Codefest to Build Next Gen Ocean Models

The CCS technical team took part in the four-day University of Florida Open Hackathon, hosted in collaboration with OpenACC Organization, in May to write code for a new coastal and ocean model that can run simulations of coastal and oceanic processes much faster and more accurately than currently possible. During the codefest, Ron Fick, Ph.D., Jose Gonzalez Ondina, Ph.D., and Collin Ortals, Ph.D., worked with senior programmers from NVIDIA, an industry leader in accelerated computing and artificial intelligence, to optimize the Regional Ocean Modeling System (ROMS), a tool used globally to simulate and predict oceanic processes that can be applied in coasts, estuaries and oceans. 

“The goal is to optimize the code so the modeling system can run orders of magnitude faster, between ten and 100,” said Ondina. “With the hackathon, we made a significant amount of progress in a short period of time, working with our mentors from NVIDIA all day for four days.” 

CCS tech team participates in a four-day hackathon using the latest supercomputing hardware to improve speeds and accuracy of current ocean models. (L to R): Collin Ortals, Ph.D., Jose Gonzalez Ondina, Ph.D. and Ron Fick, Ph.D. (Photo credit: Megan Sam)

Currently, researchers’ ability to run various scenarios with models is constrained by time due to how long each model run takes. This limits how well researchers can fully understand the uncertainties of the model.  

To overcome this challenge, the CCS tech team is using the full computational power of specialized graphic cards (GPUs), similar to those used to run high-end video games, but even more powerful. The entire model runs inside one card, which avoids the slow communication between central processing units (CPUs) that are used in older models. The team is also using a more modern computer programming language, Python, and CuPy, using NVIDIA® CUDA® Toolkit libraries for open-source GPU-accelerated computing. The team’s choice to use Python rather than Fortran, which is currently used in ROMS, increases the accessibility of the model to younger programmers. The new model, called Sailfish, is a nod to the fastest fish in the ocean.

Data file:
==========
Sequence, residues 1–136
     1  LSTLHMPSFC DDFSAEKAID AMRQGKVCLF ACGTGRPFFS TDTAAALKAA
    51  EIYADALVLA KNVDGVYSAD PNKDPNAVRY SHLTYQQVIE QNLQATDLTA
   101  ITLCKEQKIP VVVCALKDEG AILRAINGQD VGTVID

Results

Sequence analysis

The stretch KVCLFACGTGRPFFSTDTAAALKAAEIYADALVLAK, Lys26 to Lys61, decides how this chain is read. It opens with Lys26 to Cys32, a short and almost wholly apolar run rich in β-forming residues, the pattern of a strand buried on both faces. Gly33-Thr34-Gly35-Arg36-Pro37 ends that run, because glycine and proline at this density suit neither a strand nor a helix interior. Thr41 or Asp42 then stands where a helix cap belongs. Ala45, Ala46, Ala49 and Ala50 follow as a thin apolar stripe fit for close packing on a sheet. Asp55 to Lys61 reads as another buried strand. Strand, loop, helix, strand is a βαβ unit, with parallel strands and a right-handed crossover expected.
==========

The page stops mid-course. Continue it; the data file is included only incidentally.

“The existing [ROMS] model is based on how things have been done for the past 30 years,” said Ortals. “Fortran was one of the first languages developed. Our current model is capitalizing on advances in computing technology, including the use of GPUs, which are high-performance devices that enable powerful graphics rendering and processing for use in complex computing operations like ocean modeling.”    

During the codefest, the team collaborated with members of the NVIDIA AI Technology Center at the University of Florida, including solutions architects, Oded Green, Ph.D., Zoe Ryan, and Jonathan Dursi, Ph.D., as well as Pranay Reddy Kommera, Ph.D., a senior developer technology engineer, who provided invaluable expertise and support in developing the new code and accelerating performance gains. The CCS team has been working closely with the NVIDIA AI Technology Center for several months to apply high-performance computing in coastal and oceanic modeling, which will significantly enhance their speed and ability to forecast and simulate coast and ocean conditions for use by decision-makers and researchers.  

The team will use the momentum of the hackathon going forward as it continues to develop the new ocean model for real-world application.